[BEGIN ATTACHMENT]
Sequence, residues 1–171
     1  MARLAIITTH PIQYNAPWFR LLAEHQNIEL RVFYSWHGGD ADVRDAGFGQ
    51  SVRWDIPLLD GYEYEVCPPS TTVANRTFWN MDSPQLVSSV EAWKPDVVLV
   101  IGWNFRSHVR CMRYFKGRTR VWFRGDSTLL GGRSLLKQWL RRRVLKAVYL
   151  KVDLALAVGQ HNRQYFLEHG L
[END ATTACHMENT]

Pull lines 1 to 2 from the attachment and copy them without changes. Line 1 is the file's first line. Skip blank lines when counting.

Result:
Sequence, residues 1–171
     1  MARLAIITTH PIQYNAPWFR LLAEHQNIEL RVFYSWHGGD ADVRDAGFGQ